Half Wave Rectifier Explained

Half wave rectifier explained - learn how to convert AC alternating current into DC direct current using diodes.


Half wave rectifier explained – learn how to convert AC alternating current into DC direct current using diodes.

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The rectifier consists of diodes. A diode is a semiconductor device which allows current to flow through it but in only one direction. So if we connect this lamp to a DC power supply, it will illuminate. We can reverse the leads and it will still illuminate. If I place a diode on the red wire and connect this to the positive, it will again illuminate.

But now when I reverse the leads, the diode blocks the current and the lamp remains off. So it only allows current to flow in one direction, and we can therefore use this to control the direction of current in a circuit to form DC electricity. Let’s see some different ways of how that is achieved.

If we looked at an AC supply with a step down transformer which simply reduces the voltage to a safer level, the electrons are flowing forwards and backwards, so the load experiences an AC sine wave. The load could be anything from a resistor, a lamp, a motor, etc. If we inserted a diode, the diode will only allow current to flow in one direction. So the load now experiences a pulsating waveform. The negative half of the sine wave is currently being blocked.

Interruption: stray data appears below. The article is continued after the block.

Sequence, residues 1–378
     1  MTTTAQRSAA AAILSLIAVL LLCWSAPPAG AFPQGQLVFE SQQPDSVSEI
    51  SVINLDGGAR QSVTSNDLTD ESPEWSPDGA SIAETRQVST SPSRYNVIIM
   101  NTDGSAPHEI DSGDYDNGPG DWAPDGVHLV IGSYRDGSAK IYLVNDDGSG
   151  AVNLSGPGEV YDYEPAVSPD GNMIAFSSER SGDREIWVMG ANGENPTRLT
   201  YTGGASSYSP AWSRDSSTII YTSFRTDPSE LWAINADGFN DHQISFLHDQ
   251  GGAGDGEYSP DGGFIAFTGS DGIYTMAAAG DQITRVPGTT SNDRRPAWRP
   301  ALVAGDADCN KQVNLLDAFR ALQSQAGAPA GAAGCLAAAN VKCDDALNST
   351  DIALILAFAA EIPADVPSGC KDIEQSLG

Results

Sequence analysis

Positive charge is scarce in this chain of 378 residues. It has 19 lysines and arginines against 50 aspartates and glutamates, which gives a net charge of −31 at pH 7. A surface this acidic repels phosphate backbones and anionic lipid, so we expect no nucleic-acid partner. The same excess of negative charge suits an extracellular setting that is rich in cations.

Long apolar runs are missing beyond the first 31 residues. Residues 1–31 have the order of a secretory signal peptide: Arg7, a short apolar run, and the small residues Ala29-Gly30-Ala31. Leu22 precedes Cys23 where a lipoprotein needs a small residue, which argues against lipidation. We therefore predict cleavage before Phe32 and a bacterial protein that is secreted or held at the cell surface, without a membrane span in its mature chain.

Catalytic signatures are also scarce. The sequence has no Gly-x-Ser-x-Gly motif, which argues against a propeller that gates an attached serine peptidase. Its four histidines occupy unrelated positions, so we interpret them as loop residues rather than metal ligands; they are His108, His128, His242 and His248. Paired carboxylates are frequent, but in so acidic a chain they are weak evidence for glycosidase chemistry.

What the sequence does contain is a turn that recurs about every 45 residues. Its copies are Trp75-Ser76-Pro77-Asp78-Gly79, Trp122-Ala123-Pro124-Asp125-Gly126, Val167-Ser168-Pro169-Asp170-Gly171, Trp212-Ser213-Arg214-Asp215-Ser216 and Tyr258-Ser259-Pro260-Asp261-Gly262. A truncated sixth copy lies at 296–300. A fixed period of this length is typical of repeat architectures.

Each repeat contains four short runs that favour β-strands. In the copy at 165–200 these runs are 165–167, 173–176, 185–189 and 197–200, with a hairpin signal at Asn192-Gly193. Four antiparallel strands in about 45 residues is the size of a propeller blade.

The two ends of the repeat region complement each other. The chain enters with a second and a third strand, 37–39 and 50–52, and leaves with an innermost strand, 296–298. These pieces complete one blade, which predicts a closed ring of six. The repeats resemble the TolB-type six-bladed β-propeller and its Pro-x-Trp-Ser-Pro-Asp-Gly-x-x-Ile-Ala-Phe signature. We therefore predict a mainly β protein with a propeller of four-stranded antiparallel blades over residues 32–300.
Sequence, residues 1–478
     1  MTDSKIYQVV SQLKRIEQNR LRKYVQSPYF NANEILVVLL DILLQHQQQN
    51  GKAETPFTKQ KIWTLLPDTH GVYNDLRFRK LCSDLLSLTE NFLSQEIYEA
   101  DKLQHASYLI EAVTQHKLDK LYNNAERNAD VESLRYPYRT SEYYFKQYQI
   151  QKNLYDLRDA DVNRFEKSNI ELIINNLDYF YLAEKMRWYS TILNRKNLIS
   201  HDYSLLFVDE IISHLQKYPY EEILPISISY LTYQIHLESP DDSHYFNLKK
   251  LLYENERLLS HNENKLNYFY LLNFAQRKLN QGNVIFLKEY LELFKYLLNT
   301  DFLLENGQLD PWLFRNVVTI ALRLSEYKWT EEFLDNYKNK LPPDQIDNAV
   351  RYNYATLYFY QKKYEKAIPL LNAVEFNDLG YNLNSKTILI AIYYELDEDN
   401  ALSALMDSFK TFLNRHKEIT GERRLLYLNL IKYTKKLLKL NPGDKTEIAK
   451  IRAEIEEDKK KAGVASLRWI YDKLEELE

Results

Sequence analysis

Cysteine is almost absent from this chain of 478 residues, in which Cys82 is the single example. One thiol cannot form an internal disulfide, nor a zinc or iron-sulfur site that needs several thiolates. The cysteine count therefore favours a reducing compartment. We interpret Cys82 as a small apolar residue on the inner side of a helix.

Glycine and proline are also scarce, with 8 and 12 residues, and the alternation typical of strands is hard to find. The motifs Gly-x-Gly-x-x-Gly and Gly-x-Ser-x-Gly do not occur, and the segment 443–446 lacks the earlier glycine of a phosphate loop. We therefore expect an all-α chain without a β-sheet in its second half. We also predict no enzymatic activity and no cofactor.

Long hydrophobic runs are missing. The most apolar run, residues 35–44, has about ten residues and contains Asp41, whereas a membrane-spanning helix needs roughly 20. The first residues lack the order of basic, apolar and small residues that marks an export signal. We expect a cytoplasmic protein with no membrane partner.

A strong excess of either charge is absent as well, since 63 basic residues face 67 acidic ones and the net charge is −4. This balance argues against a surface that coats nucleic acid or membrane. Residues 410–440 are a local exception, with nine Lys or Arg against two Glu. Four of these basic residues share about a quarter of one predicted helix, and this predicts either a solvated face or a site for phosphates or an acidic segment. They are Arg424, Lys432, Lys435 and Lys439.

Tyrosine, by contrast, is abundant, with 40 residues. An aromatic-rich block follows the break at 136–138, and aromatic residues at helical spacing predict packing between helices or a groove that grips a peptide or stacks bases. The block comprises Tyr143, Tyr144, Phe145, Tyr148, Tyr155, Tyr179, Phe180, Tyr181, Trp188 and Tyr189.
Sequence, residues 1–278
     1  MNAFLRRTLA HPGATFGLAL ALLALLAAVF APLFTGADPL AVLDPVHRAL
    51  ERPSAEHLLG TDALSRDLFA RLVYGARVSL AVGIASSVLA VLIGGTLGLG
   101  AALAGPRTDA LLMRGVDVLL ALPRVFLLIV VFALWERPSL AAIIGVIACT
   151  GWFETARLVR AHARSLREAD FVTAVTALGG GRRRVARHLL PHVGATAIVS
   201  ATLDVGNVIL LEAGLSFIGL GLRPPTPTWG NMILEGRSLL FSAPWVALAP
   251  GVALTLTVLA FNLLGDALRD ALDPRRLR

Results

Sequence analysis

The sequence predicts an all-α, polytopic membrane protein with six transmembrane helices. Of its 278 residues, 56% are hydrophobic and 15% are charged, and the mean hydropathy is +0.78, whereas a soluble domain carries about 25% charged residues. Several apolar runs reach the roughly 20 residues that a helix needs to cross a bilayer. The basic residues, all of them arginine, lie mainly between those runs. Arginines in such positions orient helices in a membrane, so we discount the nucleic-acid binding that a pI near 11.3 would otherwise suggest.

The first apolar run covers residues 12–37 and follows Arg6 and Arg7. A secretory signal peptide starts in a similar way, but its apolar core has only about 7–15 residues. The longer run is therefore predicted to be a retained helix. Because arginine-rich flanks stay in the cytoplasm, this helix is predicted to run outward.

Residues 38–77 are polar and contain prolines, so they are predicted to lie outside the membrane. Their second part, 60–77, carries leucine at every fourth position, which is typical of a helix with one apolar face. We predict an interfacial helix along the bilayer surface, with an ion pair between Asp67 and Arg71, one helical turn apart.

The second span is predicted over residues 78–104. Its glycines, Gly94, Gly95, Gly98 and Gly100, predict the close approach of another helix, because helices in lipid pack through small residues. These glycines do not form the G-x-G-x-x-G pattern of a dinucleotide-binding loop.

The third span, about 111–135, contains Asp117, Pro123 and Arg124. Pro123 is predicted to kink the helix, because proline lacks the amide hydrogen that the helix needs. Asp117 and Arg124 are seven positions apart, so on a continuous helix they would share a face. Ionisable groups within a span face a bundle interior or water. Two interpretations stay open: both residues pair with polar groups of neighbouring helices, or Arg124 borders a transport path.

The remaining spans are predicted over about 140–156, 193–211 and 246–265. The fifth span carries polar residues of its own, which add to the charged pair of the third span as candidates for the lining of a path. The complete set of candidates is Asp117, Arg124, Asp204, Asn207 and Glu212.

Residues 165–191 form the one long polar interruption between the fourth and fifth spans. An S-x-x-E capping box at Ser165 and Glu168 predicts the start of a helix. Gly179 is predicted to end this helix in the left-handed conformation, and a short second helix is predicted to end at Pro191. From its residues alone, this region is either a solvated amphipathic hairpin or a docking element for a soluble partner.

We can reverse the diode to block the positive half and only allow the negative half. This is therefore a half wave rectifier. The output is technically DC because the electrons only flow in one direction. It’s just not a very good DC output as it’s not completely flat. Here I have a resistor which is connected to a low voltage AC supplier.

We see on the oscilloscope the AC sine wave. When I connect a diode in series with this, the oscilloscope shows a pulsating pattern in the positive region. If I reverse the diode, the oscilloscope shows a pulsating pattern in the negative region. If I connect two lamps in parallel, one with a diode, we see that the one without the diode is brighter because it’s using the full waveform. The other lamp is dimmer because it’s only using half of this waveform, the diode is blocking the other half.

If we view this in slow motion, we can see that the diode connected lamp is flickering more because of the gaps in power. Therefore, we can use this for simple circuits such as lighting or perhaps charging some simple batteries. But we can’t use this for electronics as the components need constant power, otherwise they will not work correctly. We can add a capacitor in parallel with the load to improve the output. A better improvement is to use a four wave rectifier.


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